Halloween has evolved over the centuries, taking on the skin of the culture around it. In some parts of Europe, All Hallow’s Eve is spent around bonfires sending fireworks up into the sky, though many have ceased celebrating anything but Guy Fawkes’ Day. In Mexico, Latin America, and Spain, Dia de los Muertos marks the day beloved deceased ones return to earth until All Souls’ Day, November 2nd. They spend this time in reflection and honor of the dead with celebrations and gatherings. In North America, we continue to celebrate Halloween much the way it has been since its origin in Ireland.
The Celtics in the British Isles as early as the 9th century began celebrating their New Year on what they called Samhain. This marked halfway between the autumn equinox and the winter solstice, and the end of the harvest season. Because their days began and ended at sunset, the celebrations began at nightfall October 31, and went on until sunset November 1. They celebrated with bonfires and feasts and even such things as bobbing for fruit. However, much like in Latin America, the Celts believed that the doorways between worlds grew thin on that eve, and the dead could break through to mingle with the living.
With this fear, the Celts believed they could ward off evil by lighting bonfires, carving scary faces into gourds and pumpkins that they’d carved the center out of and placing a candle inside, and by wearing spooky masks. With the history of Halloween, it’s easy to see where our North American traditions come from. But how has literature affected our ways of celebrating?
We must first begin with the classics. Books like Dracula by Bram Stoker and Frankenstein by Mary Shelley, as well as the poetry and prose of Edgar Allan Poe are clear influences of our view on Halloween. Anything spooky, horrific, or bone-chilling became something reserved for the scariest night of the year. With such works, we began to associate the macabre with fright night, dressing up as–you guessed it–Dracula and Frankenstein, and decorating with Mr. Poe’s raven.
The gothic aspect of these works drove North America into proverbial fog-laden cemeteries infested with bats and creaking coffins, clanking skeleton bones as their symphony. The Eve no longer held only candy and bobbing for apples, but a deep dive into the macabre. The populace looked for Victor Frankenstein’s monster lurking behind the tombstones, Dracula’s bloodlust haunting them from behind their neighbor’s door, and all the while Poe’s raven would quoth nevermore.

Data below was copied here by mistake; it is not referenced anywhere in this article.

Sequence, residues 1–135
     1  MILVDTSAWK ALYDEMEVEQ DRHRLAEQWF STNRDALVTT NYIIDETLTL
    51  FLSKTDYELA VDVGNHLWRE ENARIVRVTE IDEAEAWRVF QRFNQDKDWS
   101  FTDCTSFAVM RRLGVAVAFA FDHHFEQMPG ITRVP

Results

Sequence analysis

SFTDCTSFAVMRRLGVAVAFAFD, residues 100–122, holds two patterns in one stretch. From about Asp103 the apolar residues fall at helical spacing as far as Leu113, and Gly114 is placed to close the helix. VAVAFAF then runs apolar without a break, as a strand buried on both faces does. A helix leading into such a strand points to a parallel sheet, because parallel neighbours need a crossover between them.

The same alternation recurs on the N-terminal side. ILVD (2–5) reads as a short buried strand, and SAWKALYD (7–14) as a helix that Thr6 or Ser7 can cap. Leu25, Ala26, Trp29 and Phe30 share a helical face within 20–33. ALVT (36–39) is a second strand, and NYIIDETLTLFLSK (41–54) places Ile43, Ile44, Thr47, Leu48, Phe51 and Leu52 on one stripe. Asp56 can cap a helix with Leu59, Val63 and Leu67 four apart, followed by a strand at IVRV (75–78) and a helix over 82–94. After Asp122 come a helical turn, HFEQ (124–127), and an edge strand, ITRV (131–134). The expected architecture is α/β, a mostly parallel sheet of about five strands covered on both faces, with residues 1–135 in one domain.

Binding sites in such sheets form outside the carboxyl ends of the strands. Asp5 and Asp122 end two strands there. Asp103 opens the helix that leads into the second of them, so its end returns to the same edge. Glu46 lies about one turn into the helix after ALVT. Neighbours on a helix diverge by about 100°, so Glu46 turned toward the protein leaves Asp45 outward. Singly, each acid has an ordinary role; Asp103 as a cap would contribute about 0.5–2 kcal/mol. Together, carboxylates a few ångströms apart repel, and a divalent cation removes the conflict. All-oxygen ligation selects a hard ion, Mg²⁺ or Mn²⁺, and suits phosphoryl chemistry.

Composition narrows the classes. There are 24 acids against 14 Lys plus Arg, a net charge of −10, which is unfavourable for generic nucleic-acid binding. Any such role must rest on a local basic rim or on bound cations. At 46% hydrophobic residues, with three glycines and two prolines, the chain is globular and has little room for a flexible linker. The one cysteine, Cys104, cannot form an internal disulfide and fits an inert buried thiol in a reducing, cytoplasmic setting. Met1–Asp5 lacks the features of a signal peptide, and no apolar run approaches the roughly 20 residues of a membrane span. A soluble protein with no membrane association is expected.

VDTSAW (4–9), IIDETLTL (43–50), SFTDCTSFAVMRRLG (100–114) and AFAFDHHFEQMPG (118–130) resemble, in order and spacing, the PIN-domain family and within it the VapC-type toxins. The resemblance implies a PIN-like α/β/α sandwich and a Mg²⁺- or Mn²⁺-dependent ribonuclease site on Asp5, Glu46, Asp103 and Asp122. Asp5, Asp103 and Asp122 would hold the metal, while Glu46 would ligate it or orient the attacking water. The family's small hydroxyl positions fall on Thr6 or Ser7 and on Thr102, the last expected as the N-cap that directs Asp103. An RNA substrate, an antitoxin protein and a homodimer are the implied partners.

As time progressed, slightly more terrifying works began showing up in literature. The Haunting of Hill House by Shirley Jackson, Rosemary’s Baby by Ira Levin, Something Wicked This Way Comes by Ray Bradbury, and The Legend of Sleepy Hollow by Washington Irving to name a few. Literature slipped further into the darkness and so did Halloween. With the rise of all-out horror works such as Stephen King’s It, and The Shining, Halloween began incorporating more and more ways to scare ourselves and our friends. Instead of an eve that we scare away the things that go bump in the night, we began to welcome them in.
Many of the aforementioned great works were even made into horror movies now distinctly watched on Halloween. The famed store that haunts your local abandoned warehouse, Spirit Halloween, even boasts a curtained side filled with the terrors that come alive from these books. Clowns with knives, decrepit goblins, bloodied haunting children, and all the goodies to make fright night more eerie such as faux blood, chains, and rusted axes.
We’ve traveled a dark road since the Celts feared the land of the dead would bleed into the land of the living. Certainly there is still a place for that bucket of water with apples bobbing up like the dead, the trick-or-treating, and sweet pumpkin costumes. But there is no denying the effect gothic, horror, and psychological realism literature has had on the way we celebrate Halloween.